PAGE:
Come January, it can be tempting to try to overhaul eating habits all at once. According to experts, this is a recipe for disaster. “One percent better every day is a lot more successful in the long run than trying to be 100 percent better from day one," says Bethany Snodgrass, operations manager at the Equinox Fitness Training Institute. If you're wondering where to start, consider these seemingly-healthy habits that fit bodies should do away with in the New Year.
“A lot of leafy greens are 90 percent water, which means that a pile of lettuce every day at 12:30 p.m. could be leaving you without the macronutrient ratio and micronutrients that you need to fuel your day,” explains Katzie Guy-Hamilton, a New York city-based chef and the director of food and beverage at Equinox. Eating tons of raw vegetables can also cause some people to bloat, she says. Alternate between cooked and raw foods throughout the week, she suggests. “Some bodies absorb nutrients better with cooked foods, leading us to the notion that you are your own experiment.”
“If you never eat gluten, you will find yourself ‘allergic’ to it faster than you think,” Guy-Hamilton says. “When your body is not exposed to something for a very long period of time, that once-a-year bowl of pasta may very well make you sick.” Instead of forgoing gluten and dairy completely, try peppering in small amounts in your meals every now and then. “Eating high-quality yogurt or aged cheeses is a great way to keep yourself exposed to dairy while not necessarily eating it every day,” she says. “The same goes for gluten; a high-quality whole grain sourdough in an appropriate portion will do you far more good than completely abstaining and in turn, regularly eating processed versions of gluten-free products.”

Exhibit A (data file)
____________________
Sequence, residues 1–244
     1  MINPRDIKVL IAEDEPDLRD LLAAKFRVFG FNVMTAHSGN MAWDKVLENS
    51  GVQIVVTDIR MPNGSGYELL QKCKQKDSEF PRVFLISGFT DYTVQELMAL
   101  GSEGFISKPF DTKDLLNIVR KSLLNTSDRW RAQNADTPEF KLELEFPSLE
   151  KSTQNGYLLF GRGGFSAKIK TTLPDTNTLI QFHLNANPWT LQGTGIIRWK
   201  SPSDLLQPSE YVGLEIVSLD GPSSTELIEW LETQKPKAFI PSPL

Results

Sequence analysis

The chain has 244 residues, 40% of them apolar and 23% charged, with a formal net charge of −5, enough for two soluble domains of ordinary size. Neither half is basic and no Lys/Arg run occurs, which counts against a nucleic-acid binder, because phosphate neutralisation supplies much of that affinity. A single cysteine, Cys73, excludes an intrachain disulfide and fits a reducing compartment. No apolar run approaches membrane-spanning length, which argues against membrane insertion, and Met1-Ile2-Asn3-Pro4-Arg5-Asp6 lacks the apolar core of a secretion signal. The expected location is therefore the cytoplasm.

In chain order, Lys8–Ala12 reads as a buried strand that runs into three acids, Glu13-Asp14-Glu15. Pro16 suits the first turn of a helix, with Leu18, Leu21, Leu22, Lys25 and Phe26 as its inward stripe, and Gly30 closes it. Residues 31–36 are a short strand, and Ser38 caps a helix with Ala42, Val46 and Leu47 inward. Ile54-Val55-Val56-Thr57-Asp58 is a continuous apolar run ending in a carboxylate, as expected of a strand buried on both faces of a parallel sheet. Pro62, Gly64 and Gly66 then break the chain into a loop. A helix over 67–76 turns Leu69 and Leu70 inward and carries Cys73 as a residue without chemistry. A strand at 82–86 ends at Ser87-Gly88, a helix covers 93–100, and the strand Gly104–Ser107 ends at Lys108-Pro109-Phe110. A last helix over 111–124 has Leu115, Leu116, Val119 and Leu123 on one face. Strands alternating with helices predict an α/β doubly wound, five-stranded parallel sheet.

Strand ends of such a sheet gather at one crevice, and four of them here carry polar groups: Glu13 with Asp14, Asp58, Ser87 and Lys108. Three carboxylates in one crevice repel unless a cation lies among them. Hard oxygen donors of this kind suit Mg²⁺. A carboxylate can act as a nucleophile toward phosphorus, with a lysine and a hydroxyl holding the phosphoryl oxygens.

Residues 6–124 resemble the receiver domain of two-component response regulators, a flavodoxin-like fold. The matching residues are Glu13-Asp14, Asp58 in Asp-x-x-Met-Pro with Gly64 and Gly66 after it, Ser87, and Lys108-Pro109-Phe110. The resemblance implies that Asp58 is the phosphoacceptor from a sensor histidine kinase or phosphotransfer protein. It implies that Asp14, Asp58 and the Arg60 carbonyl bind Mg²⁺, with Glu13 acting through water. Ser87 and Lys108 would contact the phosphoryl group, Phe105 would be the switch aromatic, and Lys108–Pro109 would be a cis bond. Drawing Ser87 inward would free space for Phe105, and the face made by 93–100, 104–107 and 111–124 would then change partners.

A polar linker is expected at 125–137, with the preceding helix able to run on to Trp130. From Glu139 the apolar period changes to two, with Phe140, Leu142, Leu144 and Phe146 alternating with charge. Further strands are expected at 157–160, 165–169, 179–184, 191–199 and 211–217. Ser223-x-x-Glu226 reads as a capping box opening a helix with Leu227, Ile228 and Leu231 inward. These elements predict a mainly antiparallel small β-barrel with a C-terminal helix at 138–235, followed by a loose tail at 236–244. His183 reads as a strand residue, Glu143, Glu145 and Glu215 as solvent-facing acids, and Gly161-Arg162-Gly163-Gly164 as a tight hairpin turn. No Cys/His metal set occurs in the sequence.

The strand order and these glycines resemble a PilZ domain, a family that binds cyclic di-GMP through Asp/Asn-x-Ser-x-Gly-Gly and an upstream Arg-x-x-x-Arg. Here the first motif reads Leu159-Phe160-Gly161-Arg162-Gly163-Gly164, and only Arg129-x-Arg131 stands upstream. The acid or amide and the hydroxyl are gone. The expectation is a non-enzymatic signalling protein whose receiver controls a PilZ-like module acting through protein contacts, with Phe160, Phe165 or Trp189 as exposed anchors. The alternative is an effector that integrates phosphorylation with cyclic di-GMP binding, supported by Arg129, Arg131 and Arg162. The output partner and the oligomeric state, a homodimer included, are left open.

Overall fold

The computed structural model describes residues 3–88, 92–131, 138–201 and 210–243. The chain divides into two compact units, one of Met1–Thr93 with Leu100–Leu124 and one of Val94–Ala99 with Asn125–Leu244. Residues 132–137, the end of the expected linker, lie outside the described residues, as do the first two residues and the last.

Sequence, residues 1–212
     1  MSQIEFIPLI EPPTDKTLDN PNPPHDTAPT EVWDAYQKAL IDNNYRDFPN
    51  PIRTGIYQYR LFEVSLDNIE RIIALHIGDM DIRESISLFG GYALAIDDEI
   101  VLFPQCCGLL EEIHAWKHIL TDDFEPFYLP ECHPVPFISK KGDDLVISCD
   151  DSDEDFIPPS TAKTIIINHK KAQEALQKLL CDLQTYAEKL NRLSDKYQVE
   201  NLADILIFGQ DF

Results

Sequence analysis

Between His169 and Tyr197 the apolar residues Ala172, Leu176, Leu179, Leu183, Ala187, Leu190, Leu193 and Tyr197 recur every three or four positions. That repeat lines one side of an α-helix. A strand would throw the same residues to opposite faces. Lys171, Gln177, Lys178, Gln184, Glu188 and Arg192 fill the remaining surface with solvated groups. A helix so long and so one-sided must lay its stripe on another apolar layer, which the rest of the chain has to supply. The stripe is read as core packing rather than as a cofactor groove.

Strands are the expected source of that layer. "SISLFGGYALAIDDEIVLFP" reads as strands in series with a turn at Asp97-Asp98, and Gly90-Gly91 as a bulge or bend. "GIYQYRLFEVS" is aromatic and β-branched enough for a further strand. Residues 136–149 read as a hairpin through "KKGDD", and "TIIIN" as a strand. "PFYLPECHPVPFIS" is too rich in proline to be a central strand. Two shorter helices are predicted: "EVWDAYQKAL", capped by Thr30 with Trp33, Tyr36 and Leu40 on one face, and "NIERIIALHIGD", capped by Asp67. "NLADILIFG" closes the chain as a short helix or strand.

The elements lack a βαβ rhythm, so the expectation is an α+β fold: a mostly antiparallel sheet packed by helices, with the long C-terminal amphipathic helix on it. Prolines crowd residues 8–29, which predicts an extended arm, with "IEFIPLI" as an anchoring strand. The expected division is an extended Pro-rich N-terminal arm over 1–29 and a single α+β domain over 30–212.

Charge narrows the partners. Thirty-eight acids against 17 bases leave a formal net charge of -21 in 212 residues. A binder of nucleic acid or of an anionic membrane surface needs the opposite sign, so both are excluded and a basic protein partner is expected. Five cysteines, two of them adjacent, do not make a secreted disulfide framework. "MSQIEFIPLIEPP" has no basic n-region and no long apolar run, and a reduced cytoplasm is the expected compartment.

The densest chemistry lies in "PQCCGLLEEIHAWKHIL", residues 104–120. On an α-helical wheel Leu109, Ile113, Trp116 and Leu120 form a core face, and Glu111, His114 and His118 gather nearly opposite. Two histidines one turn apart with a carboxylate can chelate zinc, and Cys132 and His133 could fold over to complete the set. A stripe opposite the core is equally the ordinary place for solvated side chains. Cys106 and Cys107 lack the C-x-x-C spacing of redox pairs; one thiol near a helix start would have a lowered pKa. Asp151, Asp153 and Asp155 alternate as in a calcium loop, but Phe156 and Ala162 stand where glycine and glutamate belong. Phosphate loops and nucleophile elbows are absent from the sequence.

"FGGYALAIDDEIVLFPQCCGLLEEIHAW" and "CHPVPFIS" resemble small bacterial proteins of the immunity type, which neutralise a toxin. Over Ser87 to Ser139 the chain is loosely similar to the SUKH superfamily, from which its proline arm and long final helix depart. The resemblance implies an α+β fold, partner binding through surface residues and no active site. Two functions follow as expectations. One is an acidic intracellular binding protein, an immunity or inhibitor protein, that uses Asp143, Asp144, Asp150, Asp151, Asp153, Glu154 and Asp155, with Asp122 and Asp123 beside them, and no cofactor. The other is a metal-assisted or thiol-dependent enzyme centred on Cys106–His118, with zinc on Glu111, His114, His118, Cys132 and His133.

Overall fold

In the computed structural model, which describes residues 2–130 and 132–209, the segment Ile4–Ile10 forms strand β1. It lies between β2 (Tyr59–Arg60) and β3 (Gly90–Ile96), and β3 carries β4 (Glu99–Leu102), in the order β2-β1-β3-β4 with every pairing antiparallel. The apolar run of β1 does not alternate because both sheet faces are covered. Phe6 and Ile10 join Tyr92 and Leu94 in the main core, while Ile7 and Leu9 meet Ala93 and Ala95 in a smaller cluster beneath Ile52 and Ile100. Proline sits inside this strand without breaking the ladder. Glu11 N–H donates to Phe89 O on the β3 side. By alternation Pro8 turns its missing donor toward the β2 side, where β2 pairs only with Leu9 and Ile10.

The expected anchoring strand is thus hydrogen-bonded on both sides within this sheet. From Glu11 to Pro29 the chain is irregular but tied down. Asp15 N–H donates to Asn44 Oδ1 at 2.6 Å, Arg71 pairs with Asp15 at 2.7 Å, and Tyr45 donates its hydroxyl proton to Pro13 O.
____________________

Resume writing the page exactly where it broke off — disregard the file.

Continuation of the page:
“Many people drink a spoonful of apple cider vinegar to clear out ‘toxins,’ but there isn’t any research to back up this claim,” says Natalie Rizzo, R.D., New York City-based dietitian. “Most of the studies on vinegar have actually been performed in people with type 2 diabetes.” In other words, they’re not necessarily relevant to the general population. “And your body doesn’t need help clearing out toxins. The liver does it for you,” points out Rizzo.
There are all kinds of macro-friendly, low-calorie replacement desserts out there. While it’s not the worst thing in the world to have these once in a while, Guy-Hamilton recommends avoiding making them a regular part of your diet. Instead, just let yourself have the real thing occasionally. “Appreciating a well-made dessert made with the best ingredients you can find will be savored far more than having something available to you all the time,” she says.